Identifying a plant
Authorised individuals need to identify plants before collecting samples.
Once an authorised person has identified a species, they can get further confirmation or decide to take action as an Authorised Person for the purposes of the NPPA under the Biosecurity Act 1993.
If further confirmation is required, a recommended provider will need to carry out a formal identification. Recommended providers include:
- Auckland War Memorial Museum – phone 09 309 0443
- Landcare Research Plant Identification Service – phone 03 321 9999
- National Institute of Water and Atmospheric Research (NIWA) – aquatic plants only – phone 07 856 7026
Landcare Research has a tool available online for identifying NPPA and weed species. The Lucid key can help identify over 650 weeds.
Once the identification has been confirmed, the specimen needs to be collected.
Collecting a plant specimen
What authorised individuals should look for when collecting pest plant samples.
Any pest plant listed under the NPPA that has been collected will need to be stored in a registered herbarium.
Try to collect different features of the plant. Stems, leaves, roots, bark, and spines are all useful. We also require notes on where you found it, grid references if available, the name of the collector and the date.
You may also want to send us your own comments – the size and shape of a plant, the colour at the time of collection, and the fragrance (if any).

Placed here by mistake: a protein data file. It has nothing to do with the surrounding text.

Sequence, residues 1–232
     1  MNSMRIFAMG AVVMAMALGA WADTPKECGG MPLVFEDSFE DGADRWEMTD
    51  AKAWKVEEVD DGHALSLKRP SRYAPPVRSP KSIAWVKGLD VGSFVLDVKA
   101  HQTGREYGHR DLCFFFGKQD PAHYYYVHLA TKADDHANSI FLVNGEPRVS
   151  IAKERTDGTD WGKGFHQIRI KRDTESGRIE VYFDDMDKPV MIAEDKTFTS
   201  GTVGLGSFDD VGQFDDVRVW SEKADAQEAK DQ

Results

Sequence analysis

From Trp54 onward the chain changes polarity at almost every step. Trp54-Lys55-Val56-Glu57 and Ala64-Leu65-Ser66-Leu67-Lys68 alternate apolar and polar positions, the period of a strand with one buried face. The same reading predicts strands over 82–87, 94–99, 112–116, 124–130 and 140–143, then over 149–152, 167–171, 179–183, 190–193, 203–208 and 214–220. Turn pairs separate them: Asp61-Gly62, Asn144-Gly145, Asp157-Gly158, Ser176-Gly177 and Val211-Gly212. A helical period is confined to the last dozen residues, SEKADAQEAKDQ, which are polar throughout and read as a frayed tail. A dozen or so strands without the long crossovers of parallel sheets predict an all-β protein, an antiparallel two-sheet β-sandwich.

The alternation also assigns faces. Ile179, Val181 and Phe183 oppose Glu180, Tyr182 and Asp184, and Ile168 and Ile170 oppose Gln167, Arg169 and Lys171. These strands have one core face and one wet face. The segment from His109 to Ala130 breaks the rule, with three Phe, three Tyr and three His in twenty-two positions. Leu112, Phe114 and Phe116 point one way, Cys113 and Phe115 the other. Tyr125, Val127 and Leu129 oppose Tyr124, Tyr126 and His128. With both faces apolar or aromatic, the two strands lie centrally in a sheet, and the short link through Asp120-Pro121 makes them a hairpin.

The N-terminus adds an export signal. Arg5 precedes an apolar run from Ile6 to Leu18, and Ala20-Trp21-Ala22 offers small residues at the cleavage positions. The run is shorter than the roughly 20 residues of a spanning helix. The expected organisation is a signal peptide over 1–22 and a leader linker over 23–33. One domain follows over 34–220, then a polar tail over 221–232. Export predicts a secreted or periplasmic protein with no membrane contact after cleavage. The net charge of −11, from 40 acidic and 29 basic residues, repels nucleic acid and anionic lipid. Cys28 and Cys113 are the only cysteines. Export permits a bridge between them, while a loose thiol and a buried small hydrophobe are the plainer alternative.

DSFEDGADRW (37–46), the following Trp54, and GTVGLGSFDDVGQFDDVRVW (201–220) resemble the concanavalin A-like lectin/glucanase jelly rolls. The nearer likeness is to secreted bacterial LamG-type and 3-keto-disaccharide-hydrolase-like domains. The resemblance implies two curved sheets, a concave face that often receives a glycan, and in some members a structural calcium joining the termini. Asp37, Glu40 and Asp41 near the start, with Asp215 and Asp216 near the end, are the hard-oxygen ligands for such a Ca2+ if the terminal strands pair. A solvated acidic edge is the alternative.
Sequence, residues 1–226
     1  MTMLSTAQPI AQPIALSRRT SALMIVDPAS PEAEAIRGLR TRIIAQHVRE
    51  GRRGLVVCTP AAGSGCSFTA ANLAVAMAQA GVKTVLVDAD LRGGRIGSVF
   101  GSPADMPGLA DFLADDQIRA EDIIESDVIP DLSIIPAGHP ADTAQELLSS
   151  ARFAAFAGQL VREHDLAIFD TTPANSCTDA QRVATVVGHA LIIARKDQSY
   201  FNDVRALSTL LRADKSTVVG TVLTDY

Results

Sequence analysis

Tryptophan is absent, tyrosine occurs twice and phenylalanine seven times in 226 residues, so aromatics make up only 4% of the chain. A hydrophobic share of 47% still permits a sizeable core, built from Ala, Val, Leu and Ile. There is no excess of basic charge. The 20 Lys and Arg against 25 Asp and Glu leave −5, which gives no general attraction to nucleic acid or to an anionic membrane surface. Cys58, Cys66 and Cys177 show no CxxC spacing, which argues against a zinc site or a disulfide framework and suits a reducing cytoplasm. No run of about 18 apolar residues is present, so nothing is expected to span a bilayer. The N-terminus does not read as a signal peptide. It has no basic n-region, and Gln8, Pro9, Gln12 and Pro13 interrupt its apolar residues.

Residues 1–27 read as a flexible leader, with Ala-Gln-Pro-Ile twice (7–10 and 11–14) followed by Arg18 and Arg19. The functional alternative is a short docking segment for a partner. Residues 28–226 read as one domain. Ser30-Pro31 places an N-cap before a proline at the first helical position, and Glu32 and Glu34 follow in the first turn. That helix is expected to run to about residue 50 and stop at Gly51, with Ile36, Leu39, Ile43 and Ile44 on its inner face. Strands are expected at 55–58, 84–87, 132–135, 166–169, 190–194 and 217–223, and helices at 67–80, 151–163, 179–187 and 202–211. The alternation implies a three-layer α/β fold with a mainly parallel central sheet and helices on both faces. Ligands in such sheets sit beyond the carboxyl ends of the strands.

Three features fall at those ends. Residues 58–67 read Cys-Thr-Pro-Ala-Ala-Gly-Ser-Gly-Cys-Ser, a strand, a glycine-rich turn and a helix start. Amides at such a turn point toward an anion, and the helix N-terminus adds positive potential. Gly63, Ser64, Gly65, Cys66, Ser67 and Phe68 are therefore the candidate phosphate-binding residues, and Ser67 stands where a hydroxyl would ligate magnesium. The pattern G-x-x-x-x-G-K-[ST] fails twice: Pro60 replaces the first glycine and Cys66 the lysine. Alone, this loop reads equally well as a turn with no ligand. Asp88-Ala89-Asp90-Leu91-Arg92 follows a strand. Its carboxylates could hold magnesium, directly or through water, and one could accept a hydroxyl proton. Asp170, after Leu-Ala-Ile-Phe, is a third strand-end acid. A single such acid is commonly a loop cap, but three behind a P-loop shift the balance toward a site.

When sending these specimens, take care to prevent damage and deterioration. To keep specimens intact, try to send them by air. It's also important you label specimens clearly.
Send your specimens to:
Plant Identification Service
Canterbury Agriculture and Science Centre
PO Box 40
If you have any questions about sending your specimens, phone the identification service on 03 321 9999.
Inspections of plant nurseries and outlets
Authorised persons are appointed under the Biosecurity Act 1993 to carry out surveillance and inspections of plant nurseries and other outlets where NPPA species are likely to be found.
Training for NPPA authorised persons
Regional council staff are trained and appointed as authorised persons for the NPPA. The training is an online course made up of 5 modules, followed by an assessment.
Learners who complete the course will be able to:
- explain the NPPA and the role it plays in pest plant management
- explain their role and responsibilities as an NPPA authorised person
- state the sections of the Biosecurity Act that they are applying when inspecting a plant outlet for banned plants.
Plant identification workshops are also run occasionally. These 1-day, face-to-face workshops will give you practise identifying pest plants listed on the NPPA, and learn about identification theory and tools.
To start an online course, or enquire about the plant identification workshops, email NPPA@mpi.govt.nz
The application process
After completing the necessary training you'll need to complete and submit 2 application forms. The information you provide in the forms is assessed by an MPI chief technical officer.
SA2: Statutory Appointment Application Form [DOCX, 189 KB]
Statutory Appointment – Biosecurity Act (Part G) [PDF, 167 KB]